The follow post was written by oudenos as part of our continuing series on graduate education.
Fall is approaching and applications to Humanities and Religious Studies PhD programs become due as early as the first week of December. Last year FPR posted a series of discussions concerning PhD students’ experiences in various programs at various institutions. This post is an attempt to revisit and revive those discussions for the sake of this year’s crop of applicants. Specifically, I want to talk about the topic of funding—an issue inescapable to every aspiring grad student.
Some schools are very generous with funding packages, others are not and the reasons for this vary. Prestigious research schools which are also private institutions like Harvard, Yale, Princeton, Duke, Stanford, and Notre Dame provide excellent funding for their admitted students because they are schools with well established and large grad programs, extensive endowments, and yearly budgets which not tied to the vicissitudes of state economies. With admission to such schools you are nearly guaranteed a full tuition waiver, health insurance (usually basics plans), stipends ranging from 16-25K per annum, and extra money for summer research (think travel, language training, and conference attendance). Usually such offers are for 4-5 years with the prospect of further funding once a student reaches the candidate level.
Depending upon the school, some stipend offers also come with work stipulations like TA-ships, instructorships, or research assistantships while other offers are without strings. Flagship state schools like Virginia, Michigan, Indiana, Texas, UNC, Colorado, Illinois, Wisconsin, etc., usually offer similar funding packages to admitted students in order to remain competitive with the wealthy private institutions. However, these schools generally offer stipends in the range of 12-20K per annum and they are more commonly attached to teaching/TA/research responsibilities. Also, their yearly cohorts tend to fluctuate in size based upon the money relegated by the respective state to its universities. Smaller private, prestigious schools like Emory, Rice, or Johns Hopkins tend to offer financial packages which exceed state schools and often compete with and sometimes exceed the larger private schools though their yearly cohorts are significantly smaller and sometimes no offers are made for an application cycle. Then there are schools like Claremont, Graduate Theological Union, or Catholic University which regularly admit PhD students but offer them only a small percentage of tuition reimbursement (25-50%) with no stipend or health insurance. To this same category (at least for US citizens) belong the super prestigious British universities (Oxford and Cambridge) and slightly less prestigious universities (Exeter, St. Andrews, etc.) which gladly accept American applicants but nearly never provide any substantial funding.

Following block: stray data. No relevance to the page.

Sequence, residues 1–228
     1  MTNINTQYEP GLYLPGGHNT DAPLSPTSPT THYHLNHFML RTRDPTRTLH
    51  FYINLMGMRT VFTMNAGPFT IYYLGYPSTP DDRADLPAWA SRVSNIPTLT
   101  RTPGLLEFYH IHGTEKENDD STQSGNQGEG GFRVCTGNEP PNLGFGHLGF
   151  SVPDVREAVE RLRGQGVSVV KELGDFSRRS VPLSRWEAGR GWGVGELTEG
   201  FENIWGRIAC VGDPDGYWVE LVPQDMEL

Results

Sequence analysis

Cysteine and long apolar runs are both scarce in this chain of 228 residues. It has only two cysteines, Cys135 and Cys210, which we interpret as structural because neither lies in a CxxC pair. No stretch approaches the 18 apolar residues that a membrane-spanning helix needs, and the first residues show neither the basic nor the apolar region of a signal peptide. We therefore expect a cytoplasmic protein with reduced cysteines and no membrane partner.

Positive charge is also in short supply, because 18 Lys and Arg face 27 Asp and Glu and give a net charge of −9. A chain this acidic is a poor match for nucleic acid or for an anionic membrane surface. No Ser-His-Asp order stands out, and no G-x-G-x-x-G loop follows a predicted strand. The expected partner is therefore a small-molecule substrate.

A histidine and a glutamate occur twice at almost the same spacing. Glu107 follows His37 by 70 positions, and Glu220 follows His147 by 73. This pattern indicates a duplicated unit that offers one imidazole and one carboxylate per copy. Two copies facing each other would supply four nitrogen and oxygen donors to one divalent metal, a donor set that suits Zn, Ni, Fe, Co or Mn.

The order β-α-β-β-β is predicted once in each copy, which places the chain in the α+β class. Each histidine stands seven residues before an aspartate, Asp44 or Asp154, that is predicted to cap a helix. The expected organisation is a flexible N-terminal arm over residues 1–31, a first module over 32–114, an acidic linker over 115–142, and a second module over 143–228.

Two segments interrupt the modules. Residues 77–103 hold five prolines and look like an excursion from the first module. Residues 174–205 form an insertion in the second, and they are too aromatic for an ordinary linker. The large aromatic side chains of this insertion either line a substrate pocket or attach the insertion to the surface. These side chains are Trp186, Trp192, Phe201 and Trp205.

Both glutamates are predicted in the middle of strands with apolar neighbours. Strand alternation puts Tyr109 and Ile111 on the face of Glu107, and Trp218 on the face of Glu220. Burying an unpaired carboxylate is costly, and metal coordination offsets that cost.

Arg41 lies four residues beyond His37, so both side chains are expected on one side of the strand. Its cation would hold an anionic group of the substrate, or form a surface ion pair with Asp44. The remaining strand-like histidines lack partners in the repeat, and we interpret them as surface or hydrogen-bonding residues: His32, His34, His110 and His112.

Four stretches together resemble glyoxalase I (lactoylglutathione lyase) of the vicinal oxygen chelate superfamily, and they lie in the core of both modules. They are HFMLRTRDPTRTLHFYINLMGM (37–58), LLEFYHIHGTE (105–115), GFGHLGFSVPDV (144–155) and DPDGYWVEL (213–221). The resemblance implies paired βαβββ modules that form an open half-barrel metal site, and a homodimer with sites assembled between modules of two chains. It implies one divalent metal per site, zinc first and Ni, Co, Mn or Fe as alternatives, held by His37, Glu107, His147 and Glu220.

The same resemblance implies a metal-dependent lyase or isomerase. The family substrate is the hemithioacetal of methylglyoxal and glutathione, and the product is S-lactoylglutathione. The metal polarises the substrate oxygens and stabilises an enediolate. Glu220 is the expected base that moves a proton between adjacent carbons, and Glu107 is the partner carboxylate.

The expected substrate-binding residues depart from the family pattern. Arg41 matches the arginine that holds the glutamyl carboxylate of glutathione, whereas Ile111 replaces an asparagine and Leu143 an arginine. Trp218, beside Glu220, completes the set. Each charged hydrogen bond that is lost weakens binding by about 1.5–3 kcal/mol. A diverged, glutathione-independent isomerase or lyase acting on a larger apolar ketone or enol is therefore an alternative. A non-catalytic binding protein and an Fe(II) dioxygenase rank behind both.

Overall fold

The real difficulties arise when you have been admitted to more than one program and decisions must be made. Easy scenario: admission to Princeton for your dream program and faculty, full funding, and 3 other admissions to state schools with less prestige in your field and with smaller funding offers. Case closed. Puzzling scenario: admission to Cornell with full funding but to a program which doesn’t really fit your research interests and with faculty who are not a perfect fit for your interests, and admission to several top-flight state schools with slightly less funding but with better fits to your interests. Hard scenario: admission to Wisconsin under a professor whose work inspired you to enter the field and with whom you have an existing relationship, your funding offer is decent (tuition, 14K, insurance), and admission to Harvard under a very busy and notoriously difficult-to-work-with professor but with tuition, 24K stipend, insurance, and further research money. Intriguing scenario: admission to a few good state schools with good funding, and an admission to a small up-and-coming program at a smaller private school…and they just sweetened the deal by offering you a presidential scholarship which covers tuition, insurance, and give your 25K for five years. Frustrating scenario: admission to Claremont with 30% tuition waiver, no stipend, and no insurance; also, no other admissions to PhD programs but MA admissions to Harvard and Chicago with half tuition offers (but you are still left shelling out about 16K per annum). Excruciating and potentially bankrupting scenario: admission to Oxford with no funding whatsoever, no other PhD offers, and 3 admissions to MA programs with half tuition waivers (although you are just finishing an MA already).
What to do? What to do? These choices are, of course, compounded by the necessities of families, marriages, locations, job prospects, careers of spouses or significant others, costs of living, and consummations and destructions of life dreams.
So, let’s hear your personal stories, your quandaries, your triumphant admissions, your self-esteem and dream shattering rejections, and most importantly, your useful advice for up and coming scholars in Humanities and Religious Studies (or whatever other field in which the readership of FPR is engaged).